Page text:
From 510(k) To PMA

About ten days ago, the FDA Law Blog reported on the FDA's order requiring manufacturers of 25 types of Class III "preamendments" devices to submit to the FDA information about those devices, including adverse safety and effectiveness data not already submitted to the Agency. The data is due by August 7, 2009, and is a first step toward putting those preamendments devices through the PMA process.

We have just two things to add -- one explanatory and one predictive.

First, the explanation: The Medical Device Amendments to the Federal Food, Drug and Cosmetics Act were enacted on May 28, 1976, and generally required that manufacturers of the highest risk medical devices -- Class III devices -- obtain premarket approval from the FDA before marketing the devices. That requirement, however, would have forced companies to stop selling devices that were already on the market in May 1976. To avoid that result, the Medical Device Amendments permitted manufacturers to continue selling devices that were already being sold at that time -- so-called "preamendments devices"-- until the FDA either required a PMA for the device or took other action.

The FDA is beginning the process of completing the review of 25 of those preamendments devices.

Second, the prediction: The FDA is gathering data about certain preamendments devices. The Agency will presumably be looking closely at the safety and efficacy of those devices and then taking action with respect to them. That regulatory activity may affect whether manufacturers of the preamendment devices can assert a preemption defense.

If the FDA requires the preamendments devices to go through the PMA process, then PMA review plainly triggers preemption. See Riegel v. Medtronic, 522 U.S. __ (2008).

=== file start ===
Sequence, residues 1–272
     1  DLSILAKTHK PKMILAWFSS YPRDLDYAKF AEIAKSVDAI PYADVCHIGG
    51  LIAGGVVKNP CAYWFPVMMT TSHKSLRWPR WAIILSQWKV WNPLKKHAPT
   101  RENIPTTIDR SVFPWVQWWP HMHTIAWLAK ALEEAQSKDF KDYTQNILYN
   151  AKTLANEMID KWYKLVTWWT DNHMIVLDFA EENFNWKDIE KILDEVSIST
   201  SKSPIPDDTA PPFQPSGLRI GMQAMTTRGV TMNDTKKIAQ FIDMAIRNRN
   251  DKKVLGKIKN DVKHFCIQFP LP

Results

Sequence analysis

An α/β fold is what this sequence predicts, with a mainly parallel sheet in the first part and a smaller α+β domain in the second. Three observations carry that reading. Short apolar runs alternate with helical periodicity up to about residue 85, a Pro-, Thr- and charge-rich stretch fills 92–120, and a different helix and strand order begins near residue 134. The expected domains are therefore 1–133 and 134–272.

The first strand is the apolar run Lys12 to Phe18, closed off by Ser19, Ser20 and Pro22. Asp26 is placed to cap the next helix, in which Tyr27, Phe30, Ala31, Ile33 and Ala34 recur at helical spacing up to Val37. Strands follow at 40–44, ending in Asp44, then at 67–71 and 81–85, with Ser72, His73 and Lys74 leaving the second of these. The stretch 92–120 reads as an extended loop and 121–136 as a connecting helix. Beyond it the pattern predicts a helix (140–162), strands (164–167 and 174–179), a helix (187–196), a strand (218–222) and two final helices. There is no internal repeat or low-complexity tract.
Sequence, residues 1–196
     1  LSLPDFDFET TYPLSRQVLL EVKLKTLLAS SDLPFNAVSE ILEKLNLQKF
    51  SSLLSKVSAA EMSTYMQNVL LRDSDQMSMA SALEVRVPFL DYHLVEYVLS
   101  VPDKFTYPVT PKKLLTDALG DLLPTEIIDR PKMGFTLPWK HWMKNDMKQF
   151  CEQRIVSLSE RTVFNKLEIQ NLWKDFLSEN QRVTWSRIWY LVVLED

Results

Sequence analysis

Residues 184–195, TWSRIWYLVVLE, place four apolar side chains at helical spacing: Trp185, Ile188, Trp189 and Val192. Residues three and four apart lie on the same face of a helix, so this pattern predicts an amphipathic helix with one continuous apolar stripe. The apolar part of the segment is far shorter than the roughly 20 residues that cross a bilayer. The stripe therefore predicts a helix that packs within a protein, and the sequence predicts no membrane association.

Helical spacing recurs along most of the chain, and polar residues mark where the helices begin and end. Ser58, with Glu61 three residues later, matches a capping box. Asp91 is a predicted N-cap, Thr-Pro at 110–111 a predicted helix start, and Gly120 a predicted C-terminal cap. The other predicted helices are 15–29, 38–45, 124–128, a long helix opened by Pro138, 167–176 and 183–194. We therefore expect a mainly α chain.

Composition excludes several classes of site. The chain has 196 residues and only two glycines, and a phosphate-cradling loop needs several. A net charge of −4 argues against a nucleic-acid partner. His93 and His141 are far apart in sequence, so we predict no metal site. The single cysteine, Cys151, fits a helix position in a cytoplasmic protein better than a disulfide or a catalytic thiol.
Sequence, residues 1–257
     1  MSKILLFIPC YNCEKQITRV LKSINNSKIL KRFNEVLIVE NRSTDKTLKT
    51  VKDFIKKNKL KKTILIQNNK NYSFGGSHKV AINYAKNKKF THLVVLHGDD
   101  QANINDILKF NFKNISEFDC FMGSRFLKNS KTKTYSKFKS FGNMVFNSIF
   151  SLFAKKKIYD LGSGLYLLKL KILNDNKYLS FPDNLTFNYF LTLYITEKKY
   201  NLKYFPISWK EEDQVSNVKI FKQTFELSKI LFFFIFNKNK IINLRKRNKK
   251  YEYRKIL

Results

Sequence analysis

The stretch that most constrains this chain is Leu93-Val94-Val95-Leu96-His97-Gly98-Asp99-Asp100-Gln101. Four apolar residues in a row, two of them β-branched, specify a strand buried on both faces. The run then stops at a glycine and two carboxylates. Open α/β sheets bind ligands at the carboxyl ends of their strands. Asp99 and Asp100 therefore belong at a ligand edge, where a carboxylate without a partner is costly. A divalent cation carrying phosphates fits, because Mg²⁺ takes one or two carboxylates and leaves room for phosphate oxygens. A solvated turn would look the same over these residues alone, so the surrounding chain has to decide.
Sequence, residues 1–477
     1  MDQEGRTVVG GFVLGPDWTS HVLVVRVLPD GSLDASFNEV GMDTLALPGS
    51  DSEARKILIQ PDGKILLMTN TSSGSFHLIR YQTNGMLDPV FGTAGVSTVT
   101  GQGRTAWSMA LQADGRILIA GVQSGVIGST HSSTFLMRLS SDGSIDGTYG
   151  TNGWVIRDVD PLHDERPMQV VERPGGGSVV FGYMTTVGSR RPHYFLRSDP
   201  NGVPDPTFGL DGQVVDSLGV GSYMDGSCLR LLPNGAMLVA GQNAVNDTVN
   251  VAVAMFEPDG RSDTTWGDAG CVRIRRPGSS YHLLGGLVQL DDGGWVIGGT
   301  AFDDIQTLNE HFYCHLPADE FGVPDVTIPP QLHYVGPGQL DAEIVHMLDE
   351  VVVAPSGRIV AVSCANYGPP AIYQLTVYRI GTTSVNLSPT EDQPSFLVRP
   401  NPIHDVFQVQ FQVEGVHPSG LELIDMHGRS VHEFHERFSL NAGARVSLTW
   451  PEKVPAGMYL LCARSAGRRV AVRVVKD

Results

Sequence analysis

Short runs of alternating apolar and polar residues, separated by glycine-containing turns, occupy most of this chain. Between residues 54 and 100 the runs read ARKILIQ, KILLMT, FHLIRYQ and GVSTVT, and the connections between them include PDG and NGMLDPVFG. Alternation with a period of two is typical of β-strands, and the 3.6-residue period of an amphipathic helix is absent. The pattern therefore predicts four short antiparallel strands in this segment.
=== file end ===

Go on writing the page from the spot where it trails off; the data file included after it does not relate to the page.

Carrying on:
It's possible, however, that the FDA will undertake some other degree of review, more intensive than mere 510(k) clearance, but not quite as rigorous as PMA approval. There isn't much case authority discussing the availability of preemption on those facts, but defense counsel should be alert to the possibility.

Our crystal ball is always cloudy, but the fog here may be that of war: the dust from a new preemption battlefield that the future will bring.

Saturday, April 18, 2009

Words We Never Thought We'd Write: "Must Watch YouTube"

Everybody under 30 has already watched the YouTube clip of Susan Boyle on "Britain's Got Talent." And most people over 30 have seen this on the news or read about it in the paper.

This post (written by Herrmann, alone and way off-topic, on a weekend) is aimed at the two of you who haven't yet seen this.

Go to YouTube. Watch Susan Boyle. (If you're at the office, and YouTube is blocked, go home. Watch Susan Boyle.)

Here's a link: Susan Boyle on YouTube.

If you're near tears when you get to the end, go back to YouTube. Watch Paul Potts (also from "Britain's Got Talent," but from the 2007 season). Here's a link: Paul Potts on YouTube.

There'll be plenty of time for drugs and devices on Monday.

Friday, April 17, 2009

Preemption 2.0 - 2.0

Ask and ye shall receive edition. Within fifteen minutes of mentioning that we hadn't seen the preemption brief that GSK had filed yesterday in Colacicco, we had a copy of it. As indicated previously, it addresses the SSRI facts of repeated FDA rejection of the warning at issue as scientifically unsubstantiated. Leafing through it, we also recommend it for its discussion of the presumption against preemption.

Preemption 2.0

Defense counsel considering whether they still have good preemption arguments in drug product liability matters after Levine would do well to review preemption briefs recently filed by defendants in major product liability litigation. The litigation involves two fact patterns that we have previously mentioned as candidates for preemption even after Levine. FDA regulatory activity on the order of (but not necessarily identical to) what is addressed in these briefs is what defendants will need to advance preemption successfully in drug cases after Levine. We encourage you to compare your regulatory records to what's described in these briefs.

Yesterday, in the Colacicco (SSRI) remand before the Third Circuit, defendant Pfizer filed its preemption brief. It addresses the factual situation where the FDA has (both before and after the injury in the case) considered and rejected the warning that the plaintiff advocated as scientifically unsubstantiated. In addition to addressing these facts, the third argument in the brief deals with the Congressional intent and FDA deference aspects of Levine. We haven't seen the brief filed by the defense (GSK/Apotex) in the other half of Colacicco yet. Full disclosure: Bexis has past (but not present) involvement in the defense of the Colacicco case.